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Significantly, there are signs that the old maxim that each generation moves away from the cars their parents drove is at least partially true.  Among the Top 5 models on the Gen-X list is only one Japanese brand, fourth-ranked Mazda.  The most popular brands, in order, are Volkswagen, Land Rover and Audi.  Rounding out the group is the only domestic model, Jeep.


Detroit Makers Still Struggling to Win Young Buyers

But there are some surprises among the brands Millennials want most.

by on Jul.07, 2011

Scion's tC is the most popular model with Millennials.

Conventional wisdom suggests that young buyers will turn away from the products their parents drove – potentially good news for Detroit’s Big Three who collectively lost the big Baby Boom generation to the imports.

New models, such as the Ford Fiesta, are specifically targeting Generation-Y, and the success of those products could determine whether Detroit reverses decades of market share losses, particularly in trendy coastal regions, such as California, where domestic brands account for barely one in four current car sales.  (Click Here to find out which are the most “patriotic” automotive markets.)

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Unfortunately for the Motor City, a new study suggests that while Gen-Y might be turning away from some traditionally strong Japanese marques, like Toyota and Honda, those young buyers are continuing to focus on Asian, rather than American, automakers.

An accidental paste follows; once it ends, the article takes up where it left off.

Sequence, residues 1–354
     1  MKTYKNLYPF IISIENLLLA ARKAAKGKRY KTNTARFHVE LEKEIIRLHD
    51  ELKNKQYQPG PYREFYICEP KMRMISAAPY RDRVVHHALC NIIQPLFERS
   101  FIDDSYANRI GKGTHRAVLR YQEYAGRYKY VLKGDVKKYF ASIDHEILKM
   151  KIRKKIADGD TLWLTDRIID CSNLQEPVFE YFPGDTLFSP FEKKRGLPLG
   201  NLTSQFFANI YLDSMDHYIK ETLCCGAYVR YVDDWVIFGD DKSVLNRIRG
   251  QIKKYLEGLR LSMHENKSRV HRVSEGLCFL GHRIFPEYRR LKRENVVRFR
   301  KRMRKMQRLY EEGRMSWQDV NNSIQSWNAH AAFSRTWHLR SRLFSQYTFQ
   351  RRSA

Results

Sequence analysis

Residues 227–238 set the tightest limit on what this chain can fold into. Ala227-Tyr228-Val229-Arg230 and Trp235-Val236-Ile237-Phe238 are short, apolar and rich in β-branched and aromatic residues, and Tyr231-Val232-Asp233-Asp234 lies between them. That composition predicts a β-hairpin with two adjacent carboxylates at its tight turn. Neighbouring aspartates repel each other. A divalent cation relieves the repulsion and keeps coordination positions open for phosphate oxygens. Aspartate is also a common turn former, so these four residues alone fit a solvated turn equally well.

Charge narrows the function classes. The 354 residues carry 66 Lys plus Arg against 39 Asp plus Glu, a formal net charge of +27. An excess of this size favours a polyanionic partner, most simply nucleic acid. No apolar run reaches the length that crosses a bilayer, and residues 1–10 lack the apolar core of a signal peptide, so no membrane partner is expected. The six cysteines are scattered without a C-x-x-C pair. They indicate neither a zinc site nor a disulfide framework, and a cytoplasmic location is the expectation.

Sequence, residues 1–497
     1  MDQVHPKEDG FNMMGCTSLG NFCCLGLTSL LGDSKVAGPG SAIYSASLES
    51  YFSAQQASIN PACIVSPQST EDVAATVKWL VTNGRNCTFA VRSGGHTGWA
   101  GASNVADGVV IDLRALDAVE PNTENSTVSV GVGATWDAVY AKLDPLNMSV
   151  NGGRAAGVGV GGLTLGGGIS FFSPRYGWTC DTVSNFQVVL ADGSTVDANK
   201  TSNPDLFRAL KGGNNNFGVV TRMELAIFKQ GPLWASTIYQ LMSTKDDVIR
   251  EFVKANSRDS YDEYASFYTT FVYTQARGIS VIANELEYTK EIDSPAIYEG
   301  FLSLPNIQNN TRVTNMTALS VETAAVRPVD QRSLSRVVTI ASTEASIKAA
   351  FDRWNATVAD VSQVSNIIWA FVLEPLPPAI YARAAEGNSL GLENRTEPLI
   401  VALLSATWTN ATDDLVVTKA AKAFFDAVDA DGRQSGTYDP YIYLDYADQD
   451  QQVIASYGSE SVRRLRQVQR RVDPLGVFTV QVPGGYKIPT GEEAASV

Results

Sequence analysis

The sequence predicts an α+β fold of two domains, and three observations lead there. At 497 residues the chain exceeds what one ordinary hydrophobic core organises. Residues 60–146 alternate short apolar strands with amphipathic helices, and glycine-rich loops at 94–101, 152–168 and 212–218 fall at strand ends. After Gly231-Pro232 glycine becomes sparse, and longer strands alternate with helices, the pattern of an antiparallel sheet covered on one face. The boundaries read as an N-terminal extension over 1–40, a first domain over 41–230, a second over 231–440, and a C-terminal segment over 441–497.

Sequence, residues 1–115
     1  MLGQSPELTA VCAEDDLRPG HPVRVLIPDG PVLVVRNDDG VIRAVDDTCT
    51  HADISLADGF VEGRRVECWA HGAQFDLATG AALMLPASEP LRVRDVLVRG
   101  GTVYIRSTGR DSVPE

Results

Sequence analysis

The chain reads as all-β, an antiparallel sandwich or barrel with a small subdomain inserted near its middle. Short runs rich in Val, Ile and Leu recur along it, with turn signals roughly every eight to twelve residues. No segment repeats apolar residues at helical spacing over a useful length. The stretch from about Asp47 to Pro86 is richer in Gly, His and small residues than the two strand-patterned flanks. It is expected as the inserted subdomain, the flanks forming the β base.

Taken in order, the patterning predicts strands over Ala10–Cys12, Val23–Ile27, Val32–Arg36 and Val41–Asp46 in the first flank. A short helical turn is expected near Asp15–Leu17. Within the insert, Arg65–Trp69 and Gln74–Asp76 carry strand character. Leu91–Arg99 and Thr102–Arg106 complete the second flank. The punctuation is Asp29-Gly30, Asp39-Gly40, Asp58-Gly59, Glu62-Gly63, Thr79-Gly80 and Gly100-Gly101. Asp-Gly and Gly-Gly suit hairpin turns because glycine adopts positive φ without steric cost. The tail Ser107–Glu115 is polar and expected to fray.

A McBlog Sidebar

The worst of time (can be) the best of times.

by on May.16, 2011

Storm clouds on the horizon? Buying some cars, like the Prius, can be a challenge right now.

Buying a car, these days, can test the patience of Job, columnist Denise McCluggage noted in her latest McBlog, yet the worst of times can turn into the best of times…with a little help. Here’s a sidebar to her column.

Fred Vang is a personal consultant to car shoppers. He lives in Santa Fe NM but his clients come from anywhere. He helps them gel their amorphous thoughts about acquiring a new car into something he can actually search for. He negotiates the deal, he handles the documentation and registration and arranges all the delivery details. In short he drains the tension out of acquiring a new vehicle and enhances the pleasures.

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In the current market that’s hard to do but his long-held connections still leave the door ajar.

Fred sees a bright spot even in a market with new models in limited supply and used cars tagged with extremely high prices. “The worst of times can be the best of times for a few,” he says. And those few are people just coming off a lease.


Leasing Making a Big Comeback

May soon account for 43% of luxury market again.

by on Mar.04, 2011

Good news for Land Rover as it launches - and leases - the new Range Rover Evoque.

In the “bubble years,” prior to the economic meltdown, leasing had become the option of choice for millions of American motorists, accounting for a majority of the business for some luxury brands.  After all but vanishing during the downturn, leasing is now poised to make a major comeback, suggests the Automotive Leasing Guide.

Also known as ALG, and a principle benchmark for residual values and depreciation data, the publication predicts a significant resurgence in the automobile leasing market that will continue right on through 2015.

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The luxury segment will lead the way with lease penetration rates rising to nearly 43% by 2012, while lease penetration in the mainstream market will increase to 17.5% over the next two years, according to the new estimates prepared by ALG.